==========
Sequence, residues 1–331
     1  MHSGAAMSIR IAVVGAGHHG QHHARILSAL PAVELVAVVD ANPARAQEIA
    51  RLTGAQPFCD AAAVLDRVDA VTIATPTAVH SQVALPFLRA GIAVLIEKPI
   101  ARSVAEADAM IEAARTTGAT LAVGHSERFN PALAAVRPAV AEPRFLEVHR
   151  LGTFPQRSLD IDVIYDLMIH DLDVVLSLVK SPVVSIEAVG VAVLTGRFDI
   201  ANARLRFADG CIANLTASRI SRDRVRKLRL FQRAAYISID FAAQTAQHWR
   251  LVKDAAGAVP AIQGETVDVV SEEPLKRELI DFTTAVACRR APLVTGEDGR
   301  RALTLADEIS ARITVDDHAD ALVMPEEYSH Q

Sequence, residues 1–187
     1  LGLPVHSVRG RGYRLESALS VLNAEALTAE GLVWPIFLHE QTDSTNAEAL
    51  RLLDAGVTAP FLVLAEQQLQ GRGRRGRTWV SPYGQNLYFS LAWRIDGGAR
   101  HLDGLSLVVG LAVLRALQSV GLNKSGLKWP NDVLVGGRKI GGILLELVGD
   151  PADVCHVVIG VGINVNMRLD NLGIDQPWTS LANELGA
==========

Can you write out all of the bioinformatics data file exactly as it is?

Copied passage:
Sequence, residues 1–331
     1  MHSGAAMSIR IAVVGAGHHG QHHARILSAL PAVELVAVVD ANPARAQEIA
    51  RLTGAQPFCD AAAVLDRVDA VTIATPTAVH SQVALPFLRA GIAVLIEKPI
   101  ARSVAEADAM IEAARTTGAT LAVGHSERFN PALAAVRPAV AEPRFLEVHR
   151  LGTFPQRSLD IDVIYDLMIH DLDVVLSLVK SPVVSIEAVG VAVLTGRFDI
   201  ANARLRFADG CIANLTASRI SRDRVRKLRL FQRAAYISID FAAQTAQHWR
   251  LVKDAAGAVP AIQGETVDVV SEEPLKRELI DFTTAVACRR APLVTGEDGR
   301  RALTLADEIS ARITVDDHAD ALVMPEEYSH Q

Sequence, residues 1–187
     1  LGLPVHSVRG RGYRLESALS VLNAEALTAE GLVWPIFLHE QTDSTNAEAL
    51  RLLDAGVTAP FLVLAEQQLQ GRGRRGRTWV SPYGQNLYFS LAWRIDGGAR
   101  HLDGLSLVVG LAVLRALQSV GLNKSGLKWP NDVLVGGRKI GGILLELVGD
   151  PADVCHVVIG VGINVNMRLD NLGIDQPWTS LANELGA